In the morning, in the middle of the night, in the middle of dinner, in the middle of that film you're watching, when you’re driving, when you’re sitting, when you’re working out… Sometimes it can feel like you spend half your day running to the toilet. You may be wondering what causes frequent urination and what you can do about it. Here are a few insights.
Causes of frequent urination include simply drinking too much water, an underlying health problem (see your doctor!), or an overactive bladder.
Normal bladder capacity ranges between 400 to 600 ml. A person with a healthy bladder urinates between six to eight times a day. If you find yourself urinating more than this, you may be scratching your head wondering why.
What Causes Frequent Urination?
There are lots of potential reasons why you are urinating so often. If you find that you are going more than you used to, here are some likely frequent urination causes:
- You are drinking more liquids than usual
Drinking more produces more urine, which makes your bladder fill up, thus sending you to the toilet more often. You may or may not realise that you are drinking more liquids. Perhaps it’s particularly hot outside, or perhaps you started a new exercise routine. If this is the cause of your frequent urination, there is not much need for concern.
- You are drinking too much caffeine, which is a diuretic
Drinks such as coffee and tea are diuretics, which means they make your body rid itself of excess water.
- You are pregnant
Hormones in early pregnancy can increase the urge to urinate. Later in pregnancy, the pressure of the growing foetus presses on the bladder, increasing the need to urinate.
- You are taking certain medications
Certain medications increase the production of urine, making you have to urinate more frequently. This effect typically goes away when you stop taking the medication. Be sure to stay hydrated in the meantime.
Frequent urination can also be a sign of a more serious condition such as:
- Bladder infection or bladder inflammation
Bladder infections irritate and inflame the muscles and tissues surrounding the bladder, causing them to spasm involuntarily. This will go away as soon as the bladder infection is resolved. See your doctor for a diagnosis and/or antibiotics in order to clear up the infection. Leaving a bladder infection untreated can cause more serious health conditions.
Frequent urination can be one of the first signs of high blood sugar. This is because excess sugar causes more fluids to pass through the kidneys. Sugar build-up in your tissues can also cause bladder function issues, which cause frequent urination.
- Interstitial cystitis
Interstitial cystitis is a condition associated with chronic pelvic pain, pain when the bladder fills and empties, and frequent urination even when the bladder isn’t full. It can be managed with medication from your doctor.
- Overactive bladder, a common and easily treatable condition
If you have an overactive bladder (OAB), sudden, frequent urges to urinate come on strongly, even when there is no urine in the bladder. You may or may not be able to make it to the toilet in time. OAB happens due to muscle or nerve damage in the bladder tissue as a result of previous pelvic surgery or neurological disease. OAB is also referred to as urge incontinence. It is best managed on a day-to-day basis by adopting a bladder-friendly diet. This means avoiding foods that aggravate the bladder, such as alcohol, caffeine, carbonated beverages, and citrus fruits.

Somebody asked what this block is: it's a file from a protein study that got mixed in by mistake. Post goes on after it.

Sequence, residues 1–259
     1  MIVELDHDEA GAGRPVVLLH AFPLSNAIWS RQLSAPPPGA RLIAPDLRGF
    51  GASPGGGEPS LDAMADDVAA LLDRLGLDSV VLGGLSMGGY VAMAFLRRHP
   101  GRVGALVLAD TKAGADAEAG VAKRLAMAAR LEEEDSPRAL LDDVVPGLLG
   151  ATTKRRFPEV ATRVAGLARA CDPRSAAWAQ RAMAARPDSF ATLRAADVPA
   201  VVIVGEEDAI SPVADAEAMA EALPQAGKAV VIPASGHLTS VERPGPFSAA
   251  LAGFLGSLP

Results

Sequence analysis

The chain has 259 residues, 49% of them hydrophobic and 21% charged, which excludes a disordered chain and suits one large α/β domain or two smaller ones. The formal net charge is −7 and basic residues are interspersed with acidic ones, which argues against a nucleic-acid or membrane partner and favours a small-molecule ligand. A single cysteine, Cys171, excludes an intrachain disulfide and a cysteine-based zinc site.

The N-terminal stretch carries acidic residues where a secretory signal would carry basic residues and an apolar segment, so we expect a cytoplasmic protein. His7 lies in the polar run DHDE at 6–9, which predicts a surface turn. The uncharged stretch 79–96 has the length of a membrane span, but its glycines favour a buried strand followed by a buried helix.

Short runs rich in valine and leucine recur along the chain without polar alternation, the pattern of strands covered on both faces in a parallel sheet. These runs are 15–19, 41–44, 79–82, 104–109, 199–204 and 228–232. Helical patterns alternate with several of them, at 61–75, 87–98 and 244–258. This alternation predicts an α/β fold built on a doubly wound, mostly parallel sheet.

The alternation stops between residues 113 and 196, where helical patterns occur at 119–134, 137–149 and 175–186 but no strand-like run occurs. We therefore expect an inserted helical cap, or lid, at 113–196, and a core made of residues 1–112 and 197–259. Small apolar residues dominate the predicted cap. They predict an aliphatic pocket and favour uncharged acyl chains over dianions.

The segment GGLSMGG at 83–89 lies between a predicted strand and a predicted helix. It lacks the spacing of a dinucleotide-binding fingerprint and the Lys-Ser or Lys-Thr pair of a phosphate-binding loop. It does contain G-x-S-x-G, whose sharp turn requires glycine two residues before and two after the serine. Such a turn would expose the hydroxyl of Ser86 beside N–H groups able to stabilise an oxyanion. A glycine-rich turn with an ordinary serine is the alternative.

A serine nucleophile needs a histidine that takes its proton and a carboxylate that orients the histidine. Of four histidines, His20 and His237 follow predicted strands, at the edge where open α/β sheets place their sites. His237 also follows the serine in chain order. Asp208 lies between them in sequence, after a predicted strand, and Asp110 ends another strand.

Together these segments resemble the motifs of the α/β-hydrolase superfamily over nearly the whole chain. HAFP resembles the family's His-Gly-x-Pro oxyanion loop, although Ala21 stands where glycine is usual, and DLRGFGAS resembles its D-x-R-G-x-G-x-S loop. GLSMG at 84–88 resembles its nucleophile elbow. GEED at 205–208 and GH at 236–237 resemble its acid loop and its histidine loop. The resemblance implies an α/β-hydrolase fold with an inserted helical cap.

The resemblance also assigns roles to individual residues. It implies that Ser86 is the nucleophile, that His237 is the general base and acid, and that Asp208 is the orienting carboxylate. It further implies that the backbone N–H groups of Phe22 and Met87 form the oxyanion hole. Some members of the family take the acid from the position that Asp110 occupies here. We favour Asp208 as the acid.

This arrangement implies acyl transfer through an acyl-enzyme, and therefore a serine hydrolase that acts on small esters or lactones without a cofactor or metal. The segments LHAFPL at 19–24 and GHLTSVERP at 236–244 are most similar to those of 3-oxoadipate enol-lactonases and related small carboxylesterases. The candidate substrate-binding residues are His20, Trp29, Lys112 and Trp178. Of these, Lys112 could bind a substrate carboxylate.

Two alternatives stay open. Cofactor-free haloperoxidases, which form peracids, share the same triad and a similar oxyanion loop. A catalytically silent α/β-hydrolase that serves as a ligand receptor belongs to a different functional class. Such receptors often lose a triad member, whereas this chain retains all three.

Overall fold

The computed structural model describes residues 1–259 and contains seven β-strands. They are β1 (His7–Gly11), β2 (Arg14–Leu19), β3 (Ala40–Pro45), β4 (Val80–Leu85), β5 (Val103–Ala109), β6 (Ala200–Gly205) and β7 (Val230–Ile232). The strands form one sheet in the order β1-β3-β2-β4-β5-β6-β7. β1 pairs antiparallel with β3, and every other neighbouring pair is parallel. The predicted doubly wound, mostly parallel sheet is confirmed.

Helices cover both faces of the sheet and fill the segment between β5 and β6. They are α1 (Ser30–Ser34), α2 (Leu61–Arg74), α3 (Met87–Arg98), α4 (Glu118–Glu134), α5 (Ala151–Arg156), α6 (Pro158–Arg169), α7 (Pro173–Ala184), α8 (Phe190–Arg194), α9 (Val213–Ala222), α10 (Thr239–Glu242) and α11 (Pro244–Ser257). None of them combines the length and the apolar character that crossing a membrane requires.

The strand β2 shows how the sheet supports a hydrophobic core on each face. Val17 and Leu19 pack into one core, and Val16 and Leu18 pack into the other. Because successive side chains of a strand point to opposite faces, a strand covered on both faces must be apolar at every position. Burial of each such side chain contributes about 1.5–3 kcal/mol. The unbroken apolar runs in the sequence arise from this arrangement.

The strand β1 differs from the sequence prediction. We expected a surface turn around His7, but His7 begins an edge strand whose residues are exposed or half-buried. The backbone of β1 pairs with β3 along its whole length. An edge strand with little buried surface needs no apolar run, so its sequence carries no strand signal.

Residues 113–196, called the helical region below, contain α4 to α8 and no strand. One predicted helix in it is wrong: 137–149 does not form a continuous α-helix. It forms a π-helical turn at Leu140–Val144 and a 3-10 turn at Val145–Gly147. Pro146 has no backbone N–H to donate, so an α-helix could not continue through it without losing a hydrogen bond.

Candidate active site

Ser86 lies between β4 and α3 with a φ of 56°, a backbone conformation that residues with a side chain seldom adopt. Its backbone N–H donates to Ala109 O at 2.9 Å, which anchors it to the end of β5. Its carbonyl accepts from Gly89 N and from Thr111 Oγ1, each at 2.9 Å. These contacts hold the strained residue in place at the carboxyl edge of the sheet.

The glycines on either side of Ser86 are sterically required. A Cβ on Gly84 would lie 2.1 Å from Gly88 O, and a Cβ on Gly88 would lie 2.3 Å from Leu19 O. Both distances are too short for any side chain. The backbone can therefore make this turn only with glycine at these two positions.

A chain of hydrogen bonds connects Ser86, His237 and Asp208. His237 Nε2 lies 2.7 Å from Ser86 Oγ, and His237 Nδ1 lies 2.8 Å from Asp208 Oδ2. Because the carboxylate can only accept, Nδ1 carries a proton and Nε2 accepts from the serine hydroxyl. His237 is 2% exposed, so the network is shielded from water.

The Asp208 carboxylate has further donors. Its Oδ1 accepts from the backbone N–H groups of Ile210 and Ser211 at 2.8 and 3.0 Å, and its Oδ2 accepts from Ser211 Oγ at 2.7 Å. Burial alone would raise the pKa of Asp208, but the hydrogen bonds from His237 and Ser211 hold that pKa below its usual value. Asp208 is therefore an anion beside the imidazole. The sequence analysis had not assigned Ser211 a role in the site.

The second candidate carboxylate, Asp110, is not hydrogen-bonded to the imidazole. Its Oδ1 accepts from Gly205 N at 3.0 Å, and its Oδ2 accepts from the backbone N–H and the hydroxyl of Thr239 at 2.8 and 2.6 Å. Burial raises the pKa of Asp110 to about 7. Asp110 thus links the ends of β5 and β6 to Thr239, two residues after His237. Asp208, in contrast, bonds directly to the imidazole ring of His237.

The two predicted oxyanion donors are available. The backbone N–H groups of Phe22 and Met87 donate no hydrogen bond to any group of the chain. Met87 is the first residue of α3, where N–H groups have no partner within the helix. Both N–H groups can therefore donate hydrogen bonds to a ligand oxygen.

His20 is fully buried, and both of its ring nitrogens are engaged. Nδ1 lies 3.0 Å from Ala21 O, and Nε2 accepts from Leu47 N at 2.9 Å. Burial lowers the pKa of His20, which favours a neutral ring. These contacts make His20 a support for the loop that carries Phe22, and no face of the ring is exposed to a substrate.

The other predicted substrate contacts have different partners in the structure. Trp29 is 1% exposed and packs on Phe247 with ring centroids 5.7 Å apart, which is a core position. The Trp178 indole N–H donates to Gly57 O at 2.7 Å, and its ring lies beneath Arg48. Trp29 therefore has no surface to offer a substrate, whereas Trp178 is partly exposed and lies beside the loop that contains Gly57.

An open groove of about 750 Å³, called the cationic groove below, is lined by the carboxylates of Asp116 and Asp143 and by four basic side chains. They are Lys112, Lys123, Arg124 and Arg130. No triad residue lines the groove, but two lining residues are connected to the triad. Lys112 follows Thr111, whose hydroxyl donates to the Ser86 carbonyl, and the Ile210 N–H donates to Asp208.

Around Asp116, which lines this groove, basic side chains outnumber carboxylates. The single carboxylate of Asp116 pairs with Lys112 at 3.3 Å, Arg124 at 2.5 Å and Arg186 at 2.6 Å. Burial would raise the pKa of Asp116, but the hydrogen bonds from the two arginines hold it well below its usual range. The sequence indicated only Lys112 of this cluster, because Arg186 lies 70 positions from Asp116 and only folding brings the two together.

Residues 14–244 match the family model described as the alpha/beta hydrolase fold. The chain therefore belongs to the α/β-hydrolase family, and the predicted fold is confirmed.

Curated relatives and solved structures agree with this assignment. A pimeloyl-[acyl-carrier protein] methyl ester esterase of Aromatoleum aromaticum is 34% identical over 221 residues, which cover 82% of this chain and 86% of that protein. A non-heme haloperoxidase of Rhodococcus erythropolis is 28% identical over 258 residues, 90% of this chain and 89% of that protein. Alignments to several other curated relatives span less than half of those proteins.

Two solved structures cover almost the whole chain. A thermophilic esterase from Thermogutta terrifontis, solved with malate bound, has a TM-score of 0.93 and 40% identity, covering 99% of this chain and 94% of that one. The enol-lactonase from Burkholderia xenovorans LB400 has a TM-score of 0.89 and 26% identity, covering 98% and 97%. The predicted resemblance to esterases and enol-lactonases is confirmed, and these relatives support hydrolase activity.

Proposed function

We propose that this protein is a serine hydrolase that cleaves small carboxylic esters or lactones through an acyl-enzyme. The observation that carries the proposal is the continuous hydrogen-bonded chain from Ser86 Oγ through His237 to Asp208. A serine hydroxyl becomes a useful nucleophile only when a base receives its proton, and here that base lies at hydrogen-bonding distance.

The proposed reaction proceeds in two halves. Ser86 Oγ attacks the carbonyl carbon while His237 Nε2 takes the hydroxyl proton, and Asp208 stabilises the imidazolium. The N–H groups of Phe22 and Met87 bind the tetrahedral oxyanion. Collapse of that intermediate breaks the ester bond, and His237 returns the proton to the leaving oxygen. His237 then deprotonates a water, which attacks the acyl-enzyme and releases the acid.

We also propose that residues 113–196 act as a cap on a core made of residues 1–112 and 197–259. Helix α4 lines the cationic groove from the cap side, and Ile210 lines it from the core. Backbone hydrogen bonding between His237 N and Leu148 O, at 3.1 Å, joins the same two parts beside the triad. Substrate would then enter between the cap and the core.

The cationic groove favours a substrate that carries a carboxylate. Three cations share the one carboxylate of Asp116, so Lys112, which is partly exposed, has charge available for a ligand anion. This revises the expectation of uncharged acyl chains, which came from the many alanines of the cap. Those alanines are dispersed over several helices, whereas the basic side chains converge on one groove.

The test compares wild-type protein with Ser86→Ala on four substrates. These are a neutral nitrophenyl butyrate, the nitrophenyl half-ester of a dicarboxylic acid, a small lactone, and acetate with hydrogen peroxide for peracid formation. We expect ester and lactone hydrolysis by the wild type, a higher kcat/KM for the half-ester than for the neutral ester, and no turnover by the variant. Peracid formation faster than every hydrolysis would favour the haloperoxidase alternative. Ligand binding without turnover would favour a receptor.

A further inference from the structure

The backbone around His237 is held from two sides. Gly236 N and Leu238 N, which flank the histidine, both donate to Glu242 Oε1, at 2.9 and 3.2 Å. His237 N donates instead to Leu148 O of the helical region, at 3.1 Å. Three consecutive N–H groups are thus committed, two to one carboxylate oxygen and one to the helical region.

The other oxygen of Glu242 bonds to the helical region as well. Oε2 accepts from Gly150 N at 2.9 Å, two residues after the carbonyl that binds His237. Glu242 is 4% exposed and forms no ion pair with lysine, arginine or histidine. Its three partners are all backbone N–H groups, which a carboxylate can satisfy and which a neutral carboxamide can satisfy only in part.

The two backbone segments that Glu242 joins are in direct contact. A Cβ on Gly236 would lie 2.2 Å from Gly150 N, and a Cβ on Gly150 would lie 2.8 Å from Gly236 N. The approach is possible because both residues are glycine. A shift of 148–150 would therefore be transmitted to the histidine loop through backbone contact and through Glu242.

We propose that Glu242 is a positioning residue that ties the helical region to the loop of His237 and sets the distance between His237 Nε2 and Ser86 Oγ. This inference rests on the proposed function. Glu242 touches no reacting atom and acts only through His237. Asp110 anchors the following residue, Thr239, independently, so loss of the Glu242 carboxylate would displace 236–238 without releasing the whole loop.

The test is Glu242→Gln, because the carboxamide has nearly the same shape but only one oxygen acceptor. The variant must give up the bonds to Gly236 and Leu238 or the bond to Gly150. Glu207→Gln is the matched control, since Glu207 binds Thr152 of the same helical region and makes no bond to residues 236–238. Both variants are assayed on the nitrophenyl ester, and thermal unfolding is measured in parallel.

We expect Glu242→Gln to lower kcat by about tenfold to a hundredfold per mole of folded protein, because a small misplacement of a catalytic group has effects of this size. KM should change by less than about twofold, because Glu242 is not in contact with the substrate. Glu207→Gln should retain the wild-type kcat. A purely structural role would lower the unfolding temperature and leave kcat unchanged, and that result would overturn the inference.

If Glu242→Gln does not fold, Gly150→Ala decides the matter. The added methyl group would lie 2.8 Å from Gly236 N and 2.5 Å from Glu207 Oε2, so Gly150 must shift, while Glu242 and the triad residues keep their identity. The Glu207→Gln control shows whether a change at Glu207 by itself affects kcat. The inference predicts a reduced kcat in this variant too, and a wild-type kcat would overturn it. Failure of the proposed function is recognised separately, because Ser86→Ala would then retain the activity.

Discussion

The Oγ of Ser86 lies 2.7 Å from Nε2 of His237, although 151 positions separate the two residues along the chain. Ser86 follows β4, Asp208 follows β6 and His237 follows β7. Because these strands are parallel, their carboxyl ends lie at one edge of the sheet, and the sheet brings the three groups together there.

What Can Be Done About Frequent Urination?
Here are some things you can do to alleviate the causes of frequent urination:
Do Kegel exercises. Exercising your pelvic floor will help strengthen the muscles that control your body’s ability to hold in urine. By training these muscles, you may be able to retrain your bladder and extend the time between toilet visits.
Stay hydrated. Though it may sound counter-intuitive, drinking enough water will be a positive step for your overactive bladder. Restricting fluids makes your urine more concentrated, and more of an irritant to your bladder. So fill that water bottle and drink up!
Drink on a schedule. By watching how much you drink and at what time of day, you can gain control over how often you have to urinate. For instance, drinking 6 to 8 oz of water at one time versus sipping throughout the day can decrease urinary frequency. You may also find it helpful to stop drinking liquids a few hours before you go to bed.
Eat a bladder-healthy diet. Studies have shown that certain foods – like caffeine, alcohol, and citrus – irritate the bladder and increase urinary frequency and urgency. This is not something you want if you already have a sensitive bladder.
Retrain your bladder. Bladder training can be an important component of your treatment plan. Start visiting the toilet at regular intervals, whether or not you have to go. Over time, try increasing the amount of time between your visits so that you train your bladder to hold it for longer and stop being so reactive. Be sure to up the amount by small increments each time in order to set yourself up for success.
Medications. Talk to your doctor about whether taking a prescription drug to relax your bladder muscles and alleviate any root causes of frequent urination is right for you.
Wear protection. ALWAYS DISCREET are thin, feminine, and comfortable urinary pads designed specifically to remedy frequent urination causes in women. No one will know you are wearing them and they are highly absorbent – so you can live your life without giving a second thought to the little leaks that happen throughout the day. Simply carry some in your handbag and you’re well prepared!
Wearing liners, pads, or underwear by ALWAYS DISCREET can go a long way in giving you the confidence to go about your life without making an unwanted trade-off between where you go, what you do, and how close you’ll be to a toilet.